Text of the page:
It’s tax time again, and for many businesses that means one last chance to make any tax deductible purchases before the financial year comes to a close.
Whether you head a large company or spend time on the road as a sole trader, here are 10 travel-related expenses that you may be able to claim this financial year – often for things you’d still pay for later – to slash thousands of dollars from your end-of-year tax bill.
1. Buy Qantas, Virgin Australia flight vouchers
Planning to travel with Qantas or Virgin Australia over the coming year? Then consider pre-paying for that travel this financial year by purchasing airline ‘gift vouchers’ for your business – but instead of giving them as a gift, you’ll simply keep them on-hand for any upcoming business-related travel.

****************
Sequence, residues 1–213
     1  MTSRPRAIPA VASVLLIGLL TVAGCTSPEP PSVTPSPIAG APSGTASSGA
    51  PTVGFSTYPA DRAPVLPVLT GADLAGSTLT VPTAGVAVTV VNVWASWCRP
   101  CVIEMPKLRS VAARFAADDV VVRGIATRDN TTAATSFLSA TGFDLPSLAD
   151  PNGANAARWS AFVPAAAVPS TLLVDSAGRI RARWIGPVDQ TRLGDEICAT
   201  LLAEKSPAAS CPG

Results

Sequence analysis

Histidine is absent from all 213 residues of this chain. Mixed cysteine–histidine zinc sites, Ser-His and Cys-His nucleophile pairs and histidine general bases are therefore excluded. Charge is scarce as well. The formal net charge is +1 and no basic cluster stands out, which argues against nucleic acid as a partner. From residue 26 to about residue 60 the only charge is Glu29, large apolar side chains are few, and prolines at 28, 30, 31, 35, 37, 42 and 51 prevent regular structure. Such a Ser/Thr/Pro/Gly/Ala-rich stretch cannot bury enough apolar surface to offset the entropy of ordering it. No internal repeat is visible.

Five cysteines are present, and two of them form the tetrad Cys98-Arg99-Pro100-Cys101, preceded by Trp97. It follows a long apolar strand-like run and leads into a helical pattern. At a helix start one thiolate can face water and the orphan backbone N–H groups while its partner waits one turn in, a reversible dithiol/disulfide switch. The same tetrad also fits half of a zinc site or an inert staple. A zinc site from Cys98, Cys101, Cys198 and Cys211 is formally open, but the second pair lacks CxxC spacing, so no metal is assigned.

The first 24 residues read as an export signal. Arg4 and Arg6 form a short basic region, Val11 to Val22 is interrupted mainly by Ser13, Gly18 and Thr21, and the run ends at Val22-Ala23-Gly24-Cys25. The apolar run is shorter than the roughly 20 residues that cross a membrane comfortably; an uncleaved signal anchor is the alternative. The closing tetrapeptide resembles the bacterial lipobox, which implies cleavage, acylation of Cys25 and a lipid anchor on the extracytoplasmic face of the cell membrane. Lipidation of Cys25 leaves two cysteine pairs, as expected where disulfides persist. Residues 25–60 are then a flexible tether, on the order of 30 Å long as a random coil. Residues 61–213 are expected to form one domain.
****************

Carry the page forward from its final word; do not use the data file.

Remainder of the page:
This also side-steps Qantas’ usual credit card fees of up to $30 per passenger, per booking, while with Virgin Australia you’ll pay a one-off processing fee of $2.75 per voucher (maximum value of $5,000 each) with no credit card fee, and vouchers can be used again and again until depleted.
Just note that only one voucher can be used per booking with either airline and that Virgin Australia doesn’t accept American Express or Diners Club for voucher purchases, while Qantas does.
2. Take out or renew airport lounge memberships
It’s a deduction frequently utilised by companies whose employees must travel in economy, as road warriors can remain connected, refreshed and productive at the airport before their flights, with access to many of the same lounges as Gold frequent flyers regardless of how much they travel.
Further savings can often be had by purchasing membership for multiple years and for companies paying for or renewing 10 or more memberships at the same time.
3. Buy frequent flyer/frequent guest points
A topic oft-covered by Australian Business Traveller, buying airline frequent flyer points or miles can help you save on business class and first class travel, while purchasing frequent guest points with hotel chains can achieve similar results at high-end hotels.